Do we concur with these sentiment?
“The Lord is righteous,
yet I rebelled against his command. (1:18)
Can we speak words like these?
I remember my affliction and my wandering,
the bitterness and the gall.
I well remember them,
and my soul is downcast within me.
Yet this I call to mind
and therefore I have hope:
Let him sit alone in silence,
for the Lord has laid it on him.
Let him bury his face in the dust—
there may yet be hope. (Lamentations 3:19-21, 29)
Can we conclude,
“Because of the Lord’s great love we are not consumed,
for his compassions never fail.
They are new every morning;
great is your faithfulness.
I say to myself, “The Lord is my portion;
therefore I will wait for him.” (3:22-24)
Understand, the Lamenter didn’t arrive at the place of hope without first lamenting his condition. Again, this is one of our regularly failings as Aussies. Instead of blaming God or excluding God, the writes takes responsibility. It is this requisite for humility that we have become accustomed to avoiding. Instead of learning, it appears that we Aussies prefer to hold onto this hubris, and that does not bode well for the future.
Learn from author of Lamentations. And listen to the book of James,
“Grieve, mourn and wail. Change your laughter to mourning and your joy to gloom. Humble yourselves before the Lord, and he will lift you up.” (James 5:9-10)
It must be said lest anyone reads into my words a meaning that’s not there: we cannot equate particular suffering with particular sin. God has not spoken a word about COVID 19. That means we should treat with extreme caution anyone who makes such assertions. We can however say that suffering in general is a sign of a world that’s cursed and fallen, and that these pains can serve as a loud call to understand our mortality and our need for a Saviour of Divine nature.
Neither does finding purpose in trials diminish s the very real suffering attached to plagues and other trials. The Apostle Peter could simultaneously speak of finding joy and suffering grief in the same event,
“In all this you greatly rejoice, though now for a little while you may have had to suffer grief in all kinds of trials” (1 Peter 1:6).
Above all, remember Jesus who endured all manner of hardship, which not only characterises him as the understanding God, but this served for Him to our substitute . He is the Son of God who need never suffer and yet in love chose that path for us.
“He was despised and rejected by mankind,
a man of suffering, and familiar with pain.
Like one from whom people hide their faces
he was despised, and we held him in low esteem.
Surely he took up our pain
and bore our suffering,
yet we considered him punished by God,
stricken by him, and afflicted.” (Isaiah 53:3-4)
Instead of discrediting this length period of pandemic, we could slow down a little and ponder the very questions we spend so much of life trying to avoid. You see, trials scratch away the surface and expose our deepest longings and fears and dreams. They also serve to teach us how we should not take for granted the many things we enjoy in life. Too often, our habit is to mistranslate our copious freedoms and pleasures and turn them into rights and demands as as though God owes us anything.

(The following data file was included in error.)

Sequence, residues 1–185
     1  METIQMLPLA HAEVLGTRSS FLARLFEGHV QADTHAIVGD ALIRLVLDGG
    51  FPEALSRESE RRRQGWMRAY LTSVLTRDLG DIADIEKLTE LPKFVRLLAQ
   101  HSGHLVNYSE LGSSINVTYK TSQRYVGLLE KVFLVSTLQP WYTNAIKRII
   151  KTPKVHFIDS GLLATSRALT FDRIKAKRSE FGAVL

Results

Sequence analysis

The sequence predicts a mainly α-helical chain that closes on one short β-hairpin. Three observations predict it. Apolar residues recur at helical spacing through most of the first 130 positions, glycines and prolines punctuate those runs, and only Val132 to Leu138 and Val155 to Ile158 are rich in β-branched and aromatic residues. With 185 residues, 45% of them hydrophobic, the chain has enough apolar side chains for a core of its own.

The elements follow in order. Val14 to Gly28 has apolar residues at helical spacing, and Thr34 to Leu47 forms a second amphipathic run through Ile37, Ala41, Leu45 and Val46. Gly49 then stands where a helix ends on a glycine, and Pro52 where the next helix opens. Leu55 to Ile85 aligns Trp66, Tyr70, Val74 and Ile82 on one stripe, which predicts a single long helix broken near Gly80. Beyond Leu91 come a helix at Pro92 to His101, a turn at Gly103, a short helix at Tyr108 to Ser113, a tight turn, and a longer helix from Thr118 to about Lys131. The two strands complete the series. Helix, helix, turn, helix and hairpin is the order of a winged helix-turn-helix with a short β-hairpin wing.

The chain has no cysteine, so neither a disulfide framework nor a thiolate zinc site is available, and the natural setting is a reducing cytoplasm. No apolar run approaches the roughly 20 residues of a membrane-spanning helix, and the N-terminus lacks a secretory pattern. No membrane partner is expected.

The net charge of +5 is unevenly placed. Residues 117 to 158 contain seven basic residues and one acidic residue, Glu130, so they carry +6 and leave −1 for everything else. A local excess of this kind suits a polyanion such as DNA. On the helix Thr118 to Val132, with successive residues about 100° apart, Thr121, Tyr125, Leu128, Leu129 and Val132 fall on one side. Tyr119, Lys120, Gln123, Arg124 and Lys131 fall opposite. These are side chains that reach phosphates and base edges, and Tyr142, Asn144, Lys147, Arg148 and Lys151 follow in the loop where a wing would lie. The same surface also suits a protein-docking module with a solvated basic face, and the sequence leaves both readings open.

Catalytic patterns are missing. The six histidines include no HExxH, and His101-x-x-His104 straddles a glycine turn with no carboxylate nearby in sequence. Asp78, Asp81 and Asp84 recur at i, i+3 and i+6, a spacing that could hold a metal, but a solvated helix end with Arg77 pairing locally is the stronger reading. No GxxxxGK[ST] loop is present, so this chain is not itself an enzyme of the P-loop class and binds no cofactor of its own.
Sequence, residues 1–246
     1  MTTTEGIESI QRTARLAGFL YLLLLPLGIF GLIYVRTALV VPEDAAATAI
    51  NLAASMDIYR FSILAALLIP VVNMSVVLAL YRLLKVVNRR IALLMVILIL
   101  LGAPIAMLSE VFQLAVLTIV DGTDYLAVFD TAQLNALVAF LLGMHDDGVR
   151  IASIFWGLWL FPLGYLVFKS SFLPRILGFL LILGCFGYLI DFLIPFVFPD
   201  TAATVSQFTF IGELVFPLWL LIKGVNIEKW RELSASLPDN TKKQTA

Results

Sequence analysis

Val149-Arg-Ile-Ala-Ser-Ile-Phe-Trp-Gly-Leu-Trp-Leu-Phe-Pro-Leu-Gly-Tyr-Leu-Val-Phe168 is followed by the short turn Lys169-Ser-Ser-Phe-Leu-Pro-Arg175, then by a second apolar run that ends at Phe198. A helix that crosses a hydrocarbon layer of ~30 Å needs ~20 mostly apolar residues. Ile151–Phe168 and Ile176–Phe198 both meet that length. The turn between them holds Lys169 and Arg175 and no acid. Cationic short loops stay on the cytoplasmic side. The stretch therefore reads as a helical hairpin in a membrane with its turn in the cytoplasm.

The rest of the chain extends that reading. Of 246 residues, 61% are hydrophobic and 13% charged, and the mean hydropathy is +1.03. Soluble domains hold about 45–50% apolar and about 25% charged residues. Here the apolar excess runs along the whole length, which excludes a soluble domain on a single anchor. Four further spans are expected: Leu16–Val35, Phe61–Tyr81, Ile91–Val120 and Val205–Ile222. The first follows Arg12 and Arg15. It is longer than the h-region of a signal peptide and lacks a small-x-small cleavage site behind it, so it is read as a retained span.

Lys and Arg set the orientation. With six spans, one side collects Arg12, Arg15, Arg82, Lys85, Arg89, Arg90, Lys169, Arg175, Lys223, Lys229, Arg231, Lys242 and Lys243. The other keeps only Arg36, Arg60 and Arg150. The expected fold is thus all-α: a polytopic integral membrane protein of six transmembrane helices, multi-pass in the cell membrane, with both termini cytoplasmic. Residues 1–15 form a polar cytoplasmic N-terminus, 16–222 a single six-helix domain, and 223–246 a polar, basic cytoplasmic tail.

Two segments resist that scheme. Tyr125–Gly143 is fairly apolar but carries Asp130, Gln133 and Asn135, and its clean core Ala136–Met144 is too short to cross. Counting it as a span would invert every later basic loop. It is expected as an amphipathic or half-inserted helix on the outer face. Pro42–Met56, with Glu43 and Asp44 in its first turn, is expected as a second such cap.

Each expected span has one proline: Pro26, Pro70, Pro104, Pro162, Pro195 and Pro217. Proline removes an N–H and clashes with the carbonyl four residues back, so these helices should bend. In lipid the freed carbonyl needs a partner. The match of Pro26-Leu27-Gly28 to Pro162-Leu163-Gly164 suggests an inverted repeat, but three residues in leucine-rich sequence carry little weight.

Charles Spurgeon was a man who was more than familiar with suffering. He offers this astute observation “Trials teach us what we are; they dig up the soil, and let us see what we are made of.”
What are we learning about ourselves during COVID-19?
John Donne is one of the great poets of the English language. Donne lived through one of the many plagues that struck Europe over the centuries. Like so many living in the 17th Century, John Donne was familiar tragedy. 5 of his children died before the age of 10 and his wife died at a young age. As the city of London was again ravaged by disease, John Donne fell ill. He survived, but during each of the 23 days of sickness he wrote a meditation. Meditation 17 is the most famous. for these 2 lines,
“no man is an island”
“ask not for whom the bell tolls, for it tolls for thee.”
Each day the church bells of London rung out to announce the most recent deaths of Londoners. As Donne lay in his sick bed, not knowing whether it would become his death bed, he could hear the bells toll. He was not oblivious to this daily public cry, but rather in the sound he heard a gracious reminder.
“No man hath affliction enough, that is not matured and ripened by it, and made fit for God by that affliction…Tribulation is treasure in the nature of it, but it is not current money in the use of it, except we get nearer and nearer our home, heaven, by it. Another may be sick too, and sick to death, and this affliction may lie in his bowels, as gold in a mine, and be of no use to him; but this bell that tells me of his affliction, digs out, and applies that gold to me: if by this consideration of another’s danger, I take mine own into contemplation, and so secure myself, by making my recourse to my God, who is our only security.”
As we all look forward to the day when mass restrictions are behind us and when some semblance of normalcy returns, let’s not push aside the treasure found in this moment, the treasure grasped by John Donne and millions beside.